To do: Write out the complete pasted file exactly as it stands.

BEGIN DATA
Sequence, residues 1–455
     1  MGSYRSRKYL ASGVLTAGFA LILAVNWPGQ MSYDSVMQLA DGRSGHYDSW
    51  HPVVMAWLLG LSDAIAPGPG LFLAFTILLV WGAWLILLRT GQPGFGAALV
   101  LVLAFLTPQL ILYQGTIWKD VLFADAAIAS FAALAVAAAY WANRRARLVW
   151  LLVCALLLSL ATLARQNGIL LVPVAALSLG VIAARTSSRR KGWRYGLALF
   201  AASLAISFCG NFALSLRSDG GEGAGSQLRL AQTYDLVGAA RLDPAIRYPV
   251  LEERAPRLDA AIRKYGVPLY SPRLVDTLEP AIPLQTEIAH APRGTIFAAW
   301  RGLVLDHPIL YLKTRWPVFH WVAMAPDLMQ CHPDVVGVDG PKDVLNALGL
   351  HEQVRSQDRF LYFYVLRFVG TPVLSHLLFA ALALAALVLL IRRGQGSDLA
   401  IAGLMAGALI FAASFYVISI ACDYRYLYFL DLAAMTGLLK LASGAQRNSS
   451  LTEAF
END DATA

Sequence, residues 1–455
     1  MGSYRSRKYL ASGVLTAGFA LILAVNWPGQ MSYDSVMQLA DGRSGHYDSW
    51  HPVVMAWLLG LSDAIAPGPG LFLAFTILLV WGAWLILLRT GQPGFGAALV
   101  LVLAFLTPQL ILYQGTIWKD VLFADAAIAS FAALAVAAAY WANRRARLVW
   151  LLVCALLLSL ATLARQNGIL LVPVAALSLG VIAARTSSRR KGWRYGLALF
   201  AASLAISFCG NFALSLRSDG GEGAGSQLRL AQTYDLVGAA RLDPAIRYPV
   251  LEERAPRLDA AIRKYGVPLY SPRLVDTLEP AIPLQTEIAH APRGTIFAAW
   301  RGLVLDHPIL YLKTRWPVFH WVAMAPDLMQ CHPDVVGVDG PKDVLNALGL
   351  HEQVRSQDRF LYFYVLRFVG TPVLSHLLFA ALALAALVLL IRRGQGSDLA
   401  IAGLMAGALI FAASFYVISI ACDYRYLYFL DLAAMTGLLK LASGAQRNSS
   451  LTEAF